Seahawks running back Rashaad Penny had surgery on Wednesday morning to fix a broken finger, Bob Condotta of the Seattle Times tweets. The recovery is estimated to take 3-4 weeks, which puts the Seahawks’ top running back up against the start of the season, according to Ian Rapoport of NFL.com (on Twitter).
While there is some doubt about Penny’s availability for Week 1, Adam Schefter of ESPN.com (Twitter links) has received largely positive news about the rookie. One source tells Schefter that Penny “should be ready” for the season opener and another says Penny “would have played with it if this were late season/playoffs.” Schefter also notes that baseball standout Robinson Cano once had the same surgery and he was back in action within three weeks.
Penny, the No. 27 overall pick in this year’s draft, is expected to be the Seahawks’ leading rusher this season. If he misses time, the Seahawks can turn to backups Chris Carson, C.J. Prosise, and J.D. McKissic, but they have not received consistent production from those players in the past.
However, the running back position produces annual mid- or late-round surprises — from Devonta Freeman to Jordan Howard to Kareem Hunt — that end up providing immense value to certain teams. The Giants obviously have an incredibly gifted ball-carrier set to take handoffs from Eli Manning, but which of Barkley’s peers is in the best position to challenge him (and the quarterback contingent) for the OROY honor?
The other two first-round RBs look to be less equipped for a strong challenge due to circumstances.
Sony Michel‘s prospects of being an immediate ground producer may have been better on a different team. While the Patriots boast one of the NFL’s best offensive lines, Bill Belichick notoriously finds myriad usages for his backs and involves nearly all of them. Although, Dion Lewis‘ departure after a 180-carry season opens the door for someone to take over as New England’s primary back. And Michel averaged 7.9 yards per carry on 156 totes at Georgia last season. Rashaad Penny looks to be behind Chris Carsonto start the season, and the surprise first-rounder may be given time to develop for a Seattle team that’s struggled on the ground for a few years now.
After Round 1, however, it becomes a bit more interesting. The Buccaneers did not possess a formidable depth chart at running back prior to investing their second-round pick in USC’s Ronald Jones. In 2017, Jones rushed for 1,550 yards and scored 20 total touchdowns. He could well be an early-season starter, with the likes of Jacquizz Rodgers and Peyton Barber in his path toward a first-string role. Chosen just before Jones, Nick Chubb will have to contend with Carlos Hyde in Cleveland this season for the revamped Browns. Chubb, though, notched three 1,000-yard seasons in the nation’s toughest conference.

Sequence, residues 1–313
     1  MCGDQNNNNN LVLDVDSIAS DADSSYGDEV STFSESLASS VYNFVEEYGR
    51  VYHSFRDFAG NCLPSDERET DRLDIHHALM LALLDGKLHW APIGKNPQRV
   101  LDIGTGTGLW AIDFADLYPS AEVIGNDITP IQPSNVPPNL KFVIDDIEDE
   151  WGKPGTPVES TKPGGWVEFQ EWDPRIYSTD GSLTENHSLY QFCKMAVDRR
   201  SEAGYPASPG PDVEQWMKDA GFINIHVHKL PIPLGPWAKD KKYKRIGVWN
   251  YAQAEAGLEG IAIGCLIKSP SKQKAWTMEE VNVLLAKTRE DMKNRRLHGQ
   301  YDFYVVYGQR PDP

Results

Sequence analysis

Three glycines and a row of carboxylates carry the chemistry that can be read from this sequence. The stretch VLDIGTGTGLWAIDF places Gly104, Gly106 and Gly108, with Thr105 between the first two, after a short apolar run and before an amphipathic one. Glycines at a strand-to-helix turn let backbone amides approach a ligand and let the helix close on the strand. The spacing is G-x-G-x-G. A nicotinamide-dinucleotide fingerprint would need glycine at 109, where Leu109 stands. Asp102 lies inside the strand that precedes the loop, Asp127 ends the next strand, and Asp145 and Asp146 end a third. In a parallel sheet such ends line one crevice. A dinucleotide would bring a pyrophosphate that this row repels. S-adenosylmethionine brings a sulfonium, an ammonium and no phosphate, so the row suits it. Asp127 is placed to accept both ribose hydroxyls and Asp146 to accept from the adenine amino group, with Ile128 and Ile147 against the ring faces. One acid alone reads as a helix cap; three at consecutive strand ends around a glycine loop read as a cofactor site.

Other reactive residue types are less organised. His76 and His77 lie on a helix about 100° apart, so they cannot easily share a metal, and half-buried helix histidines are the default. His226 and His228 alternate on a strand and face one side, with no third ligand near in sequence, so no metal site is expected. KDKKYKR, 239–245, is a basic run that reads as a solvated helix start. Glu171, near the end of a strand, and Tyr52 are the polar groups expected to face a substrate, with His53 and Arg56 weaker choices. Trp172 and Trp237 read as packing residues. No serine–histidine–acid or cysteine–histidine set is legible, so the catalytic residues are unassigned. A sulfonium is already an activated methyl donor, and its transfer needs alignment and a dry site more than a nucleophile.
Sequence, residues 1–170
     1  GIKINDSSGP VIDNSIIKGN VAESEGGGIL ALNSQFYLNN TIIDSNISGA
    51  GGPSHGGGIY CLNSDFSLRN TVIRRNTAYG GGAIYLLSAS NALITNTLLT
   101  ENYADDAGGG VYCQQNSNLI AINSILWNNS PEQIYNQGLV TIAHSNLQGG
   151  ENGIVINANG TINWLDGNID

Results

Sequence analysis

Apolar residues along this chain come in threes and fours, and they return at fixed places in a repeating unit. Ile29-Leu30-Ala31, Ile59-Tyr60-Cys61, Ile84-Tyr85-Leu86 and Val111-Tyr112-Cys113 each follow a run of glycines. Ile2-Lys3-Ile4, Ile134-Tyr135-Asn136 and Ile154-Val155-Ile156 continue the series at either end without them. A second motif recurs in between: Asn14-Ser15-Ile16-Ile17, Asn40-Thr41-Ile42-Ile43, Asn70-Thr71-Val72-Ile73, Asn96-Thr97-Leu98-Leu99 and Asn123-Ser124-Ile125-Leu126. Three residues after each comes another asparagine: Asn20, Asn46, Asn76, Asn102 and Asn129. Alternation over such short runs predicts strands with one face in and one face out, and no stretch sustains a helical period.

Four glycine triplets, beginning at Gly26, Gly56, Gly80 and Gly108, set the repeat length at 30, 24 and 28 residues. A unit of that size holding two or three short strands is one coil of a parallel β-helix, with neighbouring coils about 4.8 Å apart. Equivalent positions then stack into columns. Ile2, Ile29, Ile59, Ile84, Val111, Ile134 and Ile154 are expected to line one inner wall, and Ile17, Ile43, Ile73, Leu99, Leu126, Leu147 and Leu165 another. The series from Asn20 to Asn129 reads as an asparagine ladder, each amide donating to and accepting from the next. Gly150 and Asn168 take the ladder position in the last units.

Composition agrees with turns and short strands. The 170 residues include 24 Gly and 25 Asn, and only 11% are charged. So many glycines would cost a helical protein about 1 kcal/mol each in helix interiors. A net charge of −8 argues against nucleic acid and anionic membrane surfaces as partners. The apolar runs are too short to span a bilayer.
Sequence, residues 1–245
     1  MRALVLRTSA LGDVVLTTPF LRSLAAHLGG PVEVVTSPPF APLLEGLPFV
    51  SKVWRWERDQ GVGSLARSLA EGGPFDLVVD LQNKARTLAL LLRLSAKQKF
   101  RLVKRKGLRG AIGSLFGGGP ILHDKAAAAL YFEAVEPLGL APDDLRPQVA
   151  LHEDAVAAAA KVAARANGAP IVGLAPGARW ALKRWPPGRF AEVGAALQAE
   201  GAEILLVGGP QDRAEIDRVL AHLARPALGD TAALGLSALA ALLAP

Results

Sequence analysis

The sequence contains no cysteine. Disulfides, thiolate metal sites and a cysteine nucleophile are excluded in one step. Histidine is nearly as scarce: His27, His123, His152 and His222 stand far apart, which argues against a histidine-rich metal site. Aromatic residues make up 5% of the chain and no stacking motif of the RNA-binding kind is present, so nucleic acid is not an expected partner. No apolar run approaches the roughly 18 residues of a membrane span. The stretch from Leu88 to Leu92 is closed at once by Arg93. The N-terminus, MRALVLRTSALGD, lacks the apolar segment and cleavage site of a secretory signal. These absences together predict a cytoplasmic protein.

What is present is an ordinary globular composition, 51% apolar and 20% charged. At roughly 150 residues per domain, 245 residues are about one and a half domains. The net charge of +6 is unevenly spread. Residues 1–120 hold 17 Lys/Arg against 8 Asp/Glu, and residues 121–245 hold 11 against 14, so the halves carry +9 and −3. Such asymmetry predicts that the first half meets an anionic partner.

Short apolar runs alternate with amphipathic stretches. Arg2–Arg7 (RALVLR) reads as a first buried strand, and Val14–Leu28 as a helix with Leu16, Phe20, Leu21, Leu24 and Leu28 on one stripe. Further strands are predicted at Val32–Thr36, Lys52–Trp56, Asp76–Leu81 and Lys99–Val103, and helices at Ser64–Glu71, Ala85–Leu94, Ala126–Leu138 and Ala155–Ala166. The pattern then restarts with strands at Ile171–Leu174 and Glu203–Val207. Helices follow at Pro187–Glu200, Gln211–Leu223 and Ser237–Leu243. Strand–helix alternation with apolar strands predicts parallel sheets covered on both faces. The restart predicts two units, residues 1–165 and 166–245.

Kerryon Johnson looks to be set to start in a committee in Detroit, but the Lions have been desperate for a surefire ground producer for years now. And they view Johnson as a three-down back. LeGarrette Blount and Ameer Abdullah reside in the Motor City carries picture, but neither would impede Johnson from a major role if he proves ready from the outset. Derrius Guice could have a quicker path to playing time in Washington. Considered by some the second-best back in this draft, the LSU product fell largely because of character concerns. However, Guice averaged 7.6 yards per carry in 2016 on nearly 200 attempts and is expected to push for the Redskins’ starting job from the start.
Also expected to challenge for an early role: the Broncos’ Royce Freeman. The Oregon-developed talent posted three 1,300-plus-yard seasons with the Ducks, amassing a staggering 947 college carries. With the Broncos having moved on from four-year starter C.J. Anderson, only Devontae Booker (299 rushing yards last season) resides in the third-rounder’s path. Is he a threat to be the 2018 version of Hunt?
As for Barkley, he has the most obvious route to a full-time gig. Despite Jonathan Stewart now being in the Big Apple, the Penn State dynamo will factor in from the start of the Giants’ season. And the three-down back totaled at least 2,300 yards from scrimmage in back-to-back years for the Nittany Lions. The Giants have questions up front, having lost Justin Pugh and Weston Richburg, but they added multiple UFAs — spearheaded by Nate Solder — and chose likely Day 1 starter Will Hernandez in Round 2.
So, will Barkley’s situation be too much for the rest of this class to overcome, a la Ezekiel Elliott? Or will one of the later-round picks emerge in Hunt fashion? Is there a Day 3 dark horse in this year’s class in the mold of Freeman or Howard? Take PFR’s latest poll and weigh in with your thoughts in the comments section!
While the three players selected at pick Nos. 23-25 (Patriots offensive lineman Isaiah Wynn, Panthers wide receiver D.J. Moore, and Ravens tight end Hayden Hurst) each garnered significant fourth season base salary guarantees, Penny — who was chosen with the 27th overall pick — actually saw his fourth season salary guarantee percentage decrease when compared to 2017’s No. 27 selection, Bills cornerback Tre’Davious White, per Florio.